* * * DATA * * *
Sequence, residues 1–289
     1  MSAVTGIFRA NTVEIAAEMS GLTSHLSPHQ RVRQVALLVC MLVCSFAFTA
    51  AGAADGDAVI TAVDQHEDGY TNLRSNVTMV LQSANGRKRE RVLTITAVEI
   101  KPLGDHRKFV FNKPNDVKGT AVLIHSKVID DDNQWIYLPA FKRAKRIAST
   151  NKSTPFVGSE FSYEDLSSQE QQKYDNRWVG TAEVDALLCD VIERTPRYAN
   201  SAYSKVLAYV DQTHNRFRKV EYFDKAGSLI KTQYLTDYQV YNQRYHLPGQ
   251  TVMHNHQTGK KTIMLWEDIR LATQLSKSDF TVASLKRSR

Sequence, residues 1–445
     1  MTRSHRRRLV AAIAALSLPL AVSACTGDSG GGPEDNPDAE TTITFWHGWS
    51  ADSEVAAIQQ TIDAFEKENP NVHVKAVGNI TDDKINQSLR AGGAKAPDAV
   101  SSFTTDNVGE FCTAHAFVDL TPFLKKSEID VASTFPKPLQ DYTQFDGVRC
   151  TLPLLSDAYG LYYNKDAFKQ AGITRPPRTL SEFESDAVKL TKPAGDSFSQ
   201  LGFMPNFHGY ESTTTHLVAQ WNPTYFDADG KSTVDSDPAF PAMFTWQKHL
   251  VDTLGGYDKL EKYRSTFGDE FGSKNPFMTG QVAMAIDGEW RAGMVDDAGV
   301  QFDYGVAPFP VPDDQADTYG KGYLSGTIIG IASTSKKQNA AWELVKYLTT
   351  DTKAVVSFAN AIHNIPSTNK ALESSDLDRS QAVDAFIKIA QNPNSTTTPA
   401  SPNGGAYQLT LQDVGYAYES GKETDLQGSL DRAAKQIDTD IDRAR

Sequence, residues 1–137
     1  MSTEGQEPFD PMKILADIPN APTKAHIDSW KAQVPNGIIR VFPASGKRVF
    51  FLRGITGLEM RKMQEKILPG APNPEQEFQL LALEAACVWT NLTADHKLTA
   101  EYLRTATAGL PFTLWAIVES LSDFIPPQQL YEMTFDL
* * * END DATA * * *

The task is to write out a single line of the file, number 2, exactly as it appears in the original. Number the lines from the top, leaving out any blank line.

     1  MSAVTGIFRA NTVEIAAEMS GLTSHLSPHQ RVRQVALLVC MLVCSFAFTA